The servlet is mapped to a URI through definitions in the Web deployment
descriptor.
The one weakness of servlets is that all output occurs using out
statements (rather than through HTML tags). Thus, typically you cannot
use WYSIWYG tools to visually create and compose a servlet.
– JavaServer Pages (JSPs), which provide for “partial dynamic” content.
The JSP consists of both HTML statements and java statements:
<jsp:useBean id="record" class="donate.web.DonateWebRecord"
scope="session"/>
<jsp:setProperty name="record" property="donation_Amount"/>
<h1>Donation Result</h1>
<br>
<%=record.processDonation()%>
At runtime this file is complied into a servlet and invoked.
The JSP is placed in the WebContent directory (in the Web module) and is
implicitly mapped to the context root of the Web module.
JSPs can be developed using WYSIWYG tools.
򐂰 Session store, which maintains persistence information between the
invocation of various Web components:
– On the client side, the session id is typically identified through a cookie
(JSESSIONID) that is stored in the browser and transmitted in the HTTP
header.
– On the server side, the session information is maintained in a persistence
store (typically in memory, but also potentially in a relational database or in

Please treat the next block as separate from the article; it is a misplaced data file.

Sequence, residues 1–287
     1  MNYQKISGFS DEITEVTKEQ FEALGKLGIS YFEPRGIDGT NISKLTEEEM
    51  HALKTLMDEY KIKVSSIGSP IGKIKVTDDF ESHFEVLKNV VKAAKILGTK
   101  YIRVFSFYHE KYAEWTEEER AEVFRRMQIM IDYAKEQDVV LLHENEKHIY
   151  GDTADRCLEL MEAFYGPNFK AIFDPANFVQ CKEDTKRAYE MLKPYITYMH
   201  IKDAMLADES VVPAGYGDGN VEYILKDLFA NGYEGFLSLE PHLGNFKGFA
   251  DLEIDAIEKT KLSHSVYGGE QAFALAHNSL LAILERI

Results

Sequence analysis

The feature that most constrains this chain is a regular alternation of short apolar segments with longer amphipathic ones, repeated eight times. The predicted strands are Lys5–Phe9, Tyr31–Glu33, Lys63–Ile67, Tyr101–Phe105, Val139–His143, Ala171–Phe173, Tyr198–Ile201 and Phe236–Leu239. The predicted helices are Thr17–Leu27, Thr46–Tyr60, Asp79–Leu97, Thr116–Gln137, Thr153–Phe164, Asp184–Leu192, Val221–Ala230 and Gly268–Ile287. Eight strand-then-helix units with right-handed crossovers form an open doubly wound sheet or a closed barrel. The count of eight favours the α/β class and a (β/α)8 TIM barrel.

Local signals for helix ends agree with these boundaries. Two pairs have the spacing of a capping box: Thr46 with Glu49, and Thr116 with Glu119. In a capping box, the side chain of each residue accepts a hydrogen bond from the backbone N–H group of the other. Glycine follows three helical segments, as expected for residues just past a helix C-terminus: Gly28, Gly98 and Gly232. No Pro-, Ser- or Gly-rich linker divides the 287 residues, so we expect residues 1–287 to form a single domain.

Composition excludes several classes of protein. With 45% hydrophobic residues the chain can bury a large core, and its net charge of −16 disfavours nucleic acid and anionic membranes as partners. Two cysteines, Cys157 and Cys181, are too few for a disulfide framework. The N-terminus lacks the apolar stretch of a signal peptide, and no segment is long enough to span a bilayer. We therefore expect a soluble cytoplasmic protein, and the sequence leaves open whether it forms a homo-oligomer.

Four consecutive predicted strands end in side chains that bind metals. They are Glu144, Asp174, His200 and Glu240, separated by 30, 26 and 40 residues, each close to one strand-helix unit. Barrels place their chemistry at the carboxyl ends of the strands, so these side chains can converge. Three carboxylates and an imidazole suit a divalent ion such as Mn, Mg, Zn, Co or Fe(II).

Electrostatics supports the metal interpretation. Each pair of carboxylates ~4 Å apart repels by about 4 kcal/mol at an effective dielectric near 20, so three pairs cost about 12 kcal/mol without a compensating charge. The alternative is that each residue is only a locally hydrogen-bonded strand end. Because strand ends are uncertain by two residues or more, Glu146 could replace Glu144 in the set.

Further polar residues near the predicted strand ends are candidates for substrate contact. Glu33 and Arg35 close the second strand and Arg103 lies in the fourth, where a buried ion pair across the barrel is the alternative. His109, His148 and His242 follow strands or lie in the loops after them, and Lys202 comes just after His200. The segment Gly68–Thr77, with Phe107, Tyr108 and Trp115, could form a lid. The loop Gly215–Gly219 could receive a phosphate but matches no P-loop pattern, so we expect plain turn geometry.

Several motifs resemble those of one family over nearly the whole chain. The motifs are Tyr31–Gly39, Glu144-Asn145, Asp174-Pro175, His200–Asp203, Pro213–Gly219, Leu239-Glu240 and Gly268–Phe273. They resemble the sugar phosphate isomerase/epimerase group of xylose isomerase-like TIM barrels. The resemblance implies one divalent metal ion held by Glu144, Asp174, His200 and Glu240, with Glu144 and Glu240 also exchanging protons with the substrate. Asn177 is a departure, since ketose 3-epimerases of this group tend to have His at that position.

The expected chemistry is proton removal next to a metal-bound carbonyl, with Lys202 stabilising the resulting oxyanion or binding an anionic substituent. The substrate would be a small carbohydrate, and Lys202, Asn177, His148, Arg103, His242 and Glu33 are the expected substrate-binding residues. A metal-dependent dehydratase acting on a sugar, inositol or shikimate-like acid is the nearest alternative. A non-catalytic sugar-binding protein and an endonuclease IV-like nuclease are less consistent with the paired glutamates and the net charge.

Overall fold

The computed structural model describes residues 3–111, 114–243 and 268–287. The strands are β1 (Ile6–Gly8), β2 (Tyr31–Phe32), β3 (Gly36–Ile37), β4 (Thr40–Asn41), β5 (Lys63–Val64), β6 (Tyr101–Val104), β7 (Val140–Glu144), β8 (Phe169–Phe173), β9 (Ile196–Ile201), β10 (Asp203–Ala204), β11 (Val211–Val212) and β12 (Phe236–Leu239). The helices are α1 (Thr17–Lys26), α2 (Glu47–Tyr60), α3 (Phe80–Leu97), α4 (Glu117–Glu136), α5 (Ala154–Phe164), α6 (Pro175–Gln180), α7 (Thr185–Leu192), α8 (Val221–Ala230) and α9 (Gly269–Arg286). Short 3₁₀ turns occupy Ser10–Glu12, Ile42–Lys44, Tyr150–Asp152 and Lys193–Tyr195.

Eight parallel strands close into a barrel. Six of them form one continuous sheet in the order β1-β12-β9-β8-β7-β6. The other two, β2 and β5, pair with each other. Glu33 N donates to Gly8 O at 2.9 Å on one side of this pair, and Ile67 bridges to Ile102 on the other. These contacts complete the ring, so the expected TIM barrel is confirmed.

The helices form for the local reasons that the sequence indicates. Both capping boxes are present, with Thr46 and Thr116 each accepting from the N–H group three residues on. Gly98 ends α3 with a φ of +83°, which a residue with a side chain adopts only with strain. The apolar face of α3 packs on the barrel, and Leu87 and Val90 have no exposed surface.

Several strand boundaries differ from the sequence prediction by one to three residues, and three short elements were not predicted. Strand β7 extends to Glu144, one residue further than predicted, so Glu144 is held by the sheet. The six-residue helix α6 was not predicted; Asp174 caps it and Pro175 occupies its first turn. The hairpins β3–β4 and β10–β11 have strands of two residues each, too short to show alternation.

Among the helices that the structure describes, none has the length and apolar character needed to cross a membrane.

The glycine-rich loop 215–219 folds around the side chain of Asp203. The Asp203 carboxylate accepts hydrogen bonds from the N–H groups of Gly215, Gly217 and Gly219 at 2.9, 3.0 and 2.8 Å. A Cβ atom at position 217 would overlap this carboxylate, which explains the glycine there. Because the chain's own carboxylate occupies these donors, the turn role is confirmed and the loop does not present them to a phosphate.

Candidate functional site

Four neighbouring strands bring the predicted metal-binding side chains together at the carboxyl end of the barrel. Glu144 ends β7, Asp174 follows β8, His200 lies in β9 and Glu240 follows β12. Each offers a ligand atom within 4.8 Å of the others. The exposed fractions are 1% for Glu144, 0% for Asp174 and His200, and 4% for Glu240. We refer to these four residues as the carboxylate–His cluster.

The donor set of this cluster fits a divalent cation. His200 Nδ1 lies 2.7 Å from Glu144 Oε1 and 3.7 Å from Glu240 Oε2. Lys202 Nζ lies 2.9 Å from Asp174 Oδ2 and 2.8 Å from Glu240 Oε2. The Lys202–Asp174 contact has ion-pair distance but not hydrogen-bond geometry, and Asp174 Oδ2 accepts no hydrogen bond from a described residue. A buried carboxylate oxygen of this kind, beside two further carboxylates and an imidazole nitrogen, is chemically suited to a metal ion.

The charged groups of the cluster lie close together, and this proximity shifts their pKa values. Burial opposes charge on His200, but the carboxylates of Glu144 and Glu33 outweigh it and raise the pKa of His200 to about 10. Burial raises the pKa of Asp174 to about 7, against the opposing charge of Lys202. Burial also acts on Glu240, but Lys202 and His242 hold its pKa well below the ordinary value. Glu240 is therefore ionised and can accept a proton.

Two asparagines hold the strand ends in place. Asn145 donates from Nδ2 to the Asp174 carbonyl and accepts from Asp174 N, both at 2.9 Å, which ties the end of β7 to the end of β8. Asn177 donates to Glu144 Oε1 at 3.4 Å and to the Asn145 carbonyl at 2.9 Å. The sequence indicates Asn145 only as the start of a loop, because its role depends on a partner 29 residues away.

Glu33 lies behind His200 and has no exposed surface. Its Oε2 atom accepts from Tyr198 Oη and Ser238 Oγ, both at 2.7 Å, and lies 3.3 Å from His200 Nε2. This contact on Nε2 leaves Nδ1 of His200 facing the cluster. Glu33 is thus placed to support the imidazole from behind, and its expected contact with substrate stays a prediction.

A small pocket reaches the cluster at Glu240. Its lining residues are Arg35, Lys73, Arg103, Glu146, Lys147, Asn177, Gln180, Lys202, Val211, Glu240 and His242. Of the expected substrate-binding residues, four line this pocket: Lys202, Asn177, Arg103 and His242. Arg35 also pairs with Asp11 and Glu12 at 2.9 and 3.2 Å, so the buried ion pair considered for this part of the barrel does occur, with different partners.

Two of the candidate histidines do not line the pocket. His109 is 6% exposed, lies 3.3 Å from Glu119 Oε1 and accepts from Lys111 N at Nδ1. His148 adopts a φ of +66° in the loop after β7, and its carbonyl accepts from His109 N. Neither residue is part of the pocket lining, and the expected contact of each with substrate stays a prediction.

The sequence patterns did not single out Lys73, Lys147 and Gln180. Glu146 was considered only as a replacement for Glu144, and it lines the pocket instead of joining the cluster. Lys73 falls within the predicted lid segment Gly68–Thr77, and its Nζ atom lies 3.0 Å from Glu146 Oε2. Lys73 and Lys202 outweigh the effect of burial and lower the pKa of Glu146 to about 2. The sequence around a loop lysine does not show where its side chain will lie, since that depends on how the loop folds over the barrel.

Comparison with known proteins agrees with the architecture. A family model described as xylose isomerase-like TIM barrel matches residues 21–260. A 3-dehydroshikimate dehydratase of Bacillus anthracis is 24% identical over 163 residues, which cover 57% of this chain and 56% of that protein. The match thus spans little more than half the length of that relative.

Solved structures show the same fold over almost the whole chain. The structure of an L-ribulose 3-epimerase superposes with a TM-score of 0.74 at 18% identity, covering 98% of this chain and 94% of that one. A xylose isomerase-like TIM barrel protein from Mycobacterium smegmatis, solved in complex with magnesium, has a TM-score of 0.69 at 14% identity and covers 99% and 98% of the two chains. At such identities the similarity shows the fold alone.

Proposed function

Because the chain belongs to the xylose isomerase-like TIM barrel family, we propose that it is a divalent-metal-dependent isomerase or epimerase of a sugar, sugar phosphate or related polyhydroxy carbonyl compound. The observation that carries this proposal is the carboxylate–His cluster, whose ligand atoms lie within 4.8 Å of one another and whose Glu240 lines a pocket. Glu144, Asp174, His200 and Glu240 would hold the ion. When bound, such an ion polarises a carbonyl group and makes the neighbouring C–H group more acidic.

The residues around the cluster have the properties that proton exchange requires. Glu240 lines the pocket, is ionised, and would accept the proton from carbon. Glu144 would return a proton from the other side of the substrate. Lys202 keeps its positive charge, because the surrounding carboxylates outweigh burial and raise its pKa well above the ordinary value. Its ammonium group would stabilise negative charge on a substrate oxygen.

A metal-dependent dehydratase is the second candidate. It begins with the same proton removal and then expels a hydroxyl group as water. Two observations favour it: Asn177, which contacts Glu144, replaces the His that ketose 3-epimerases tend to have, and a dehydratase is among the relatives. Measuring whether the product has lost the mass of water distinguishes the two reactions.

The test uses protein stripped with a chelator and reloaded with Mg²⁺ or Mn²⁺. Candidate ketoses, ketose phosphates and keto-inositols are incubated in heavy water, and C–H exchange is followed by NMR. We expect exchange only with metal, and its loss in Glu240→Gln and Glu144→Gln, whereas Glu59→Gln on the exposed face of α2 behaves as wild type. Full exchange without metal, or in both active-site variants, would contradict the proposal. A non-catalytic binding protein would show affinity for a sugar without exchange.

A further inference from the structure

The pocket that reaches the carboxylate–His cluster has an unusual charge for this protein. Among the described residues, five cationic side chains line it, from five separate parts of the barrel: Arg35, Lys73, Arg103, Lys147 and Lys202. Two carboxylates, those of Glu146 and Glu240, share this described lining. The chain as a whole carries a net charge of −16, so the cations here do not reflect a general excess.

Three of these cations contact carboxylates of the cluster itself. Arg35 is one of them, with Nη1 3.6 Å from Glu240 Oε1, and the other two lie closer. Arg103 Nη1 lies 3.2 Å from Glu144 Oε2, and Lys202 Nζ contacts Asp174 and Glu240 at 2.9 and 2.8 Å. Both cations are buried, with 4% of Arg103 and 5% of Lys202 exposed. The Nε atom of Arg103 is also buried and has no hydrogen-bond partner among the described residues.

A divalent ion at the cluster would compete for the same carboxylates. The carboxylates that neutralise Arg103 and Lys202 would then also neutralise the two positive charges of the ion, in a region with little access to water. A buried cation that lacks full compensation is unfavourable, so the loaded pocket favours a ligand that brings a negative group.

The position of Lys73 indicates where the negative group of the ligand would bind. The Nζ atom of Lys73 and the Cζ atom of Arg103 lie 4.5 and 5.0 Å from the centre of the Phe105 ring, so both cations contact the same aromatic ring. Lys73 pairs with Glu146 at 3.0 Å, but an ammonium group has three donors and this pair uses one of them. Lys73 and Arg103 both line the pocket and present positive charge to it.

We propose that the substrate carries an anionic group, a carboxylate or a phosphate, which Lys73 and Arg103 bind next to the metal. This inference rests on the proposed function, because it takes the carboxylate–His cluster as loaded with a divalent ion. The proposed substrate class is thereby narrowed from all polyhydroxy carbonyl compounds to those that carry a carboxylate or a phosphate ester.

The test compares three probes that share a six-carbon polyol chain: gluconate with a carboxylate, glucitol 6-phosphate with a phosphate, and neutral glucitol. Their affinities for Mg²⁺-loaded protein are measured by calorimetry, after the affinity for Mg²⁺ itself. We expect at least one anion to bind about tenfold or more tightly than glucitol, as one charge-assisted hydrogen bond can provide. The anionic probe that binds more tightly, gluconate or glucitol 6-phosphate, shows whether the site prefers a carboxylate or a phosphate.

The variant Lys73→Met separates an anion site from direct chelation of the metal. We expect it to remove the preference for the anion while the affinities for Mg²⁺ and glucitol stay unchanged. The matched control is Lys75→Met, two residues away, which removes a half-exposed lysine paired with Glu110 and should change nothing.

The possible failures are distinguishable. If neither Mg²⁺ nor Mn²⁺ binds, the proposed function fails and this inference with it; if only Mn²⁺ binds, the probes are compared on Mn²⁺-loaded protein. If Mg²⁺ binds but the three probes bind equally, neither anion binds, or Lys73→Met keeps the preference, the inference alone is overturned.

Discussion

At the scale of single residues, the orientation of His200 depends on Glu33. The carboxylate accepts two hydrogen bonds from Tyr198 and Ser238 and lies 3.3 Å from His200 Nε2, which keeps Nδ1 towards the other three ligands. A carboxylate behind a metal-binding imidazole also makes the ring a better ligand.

a publish/subscribe mechanism).
The first artifact invocation initializes the store and returns the session id back
to the browser. On subsequent artifact invocations, this session id is used to
retrieve any stored information from the session store.
򐂰 Controller, which acts as an intermediary between the request and the actual
final page.
In most application scenarios, the actual processing of session information
and invocation of “user” logic (for example what back-end EJBs to invoke and
how to determine what page to go to next) is somewhat common across the
various artifacts. Therefore, rather than embed all this into various JSPs and
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servlets, this “control” logic is normally put into a single servlet (called the
controlling servlet) which processes the request from the browser, invokes
any back-end functions, and then redirects to the appropriate output page
(which is typically a JSP).
These components are used to implement a Model View Controller (MVC)
architecture, which allows for the appropriate usage of J2EE technologies
(servlets for programming, JSPs for rendering the page):
IBM Software Group | WebSphere software
Helper
beans
Servlet
EJBs
DB
Browser
Browser
JSP
JavaBean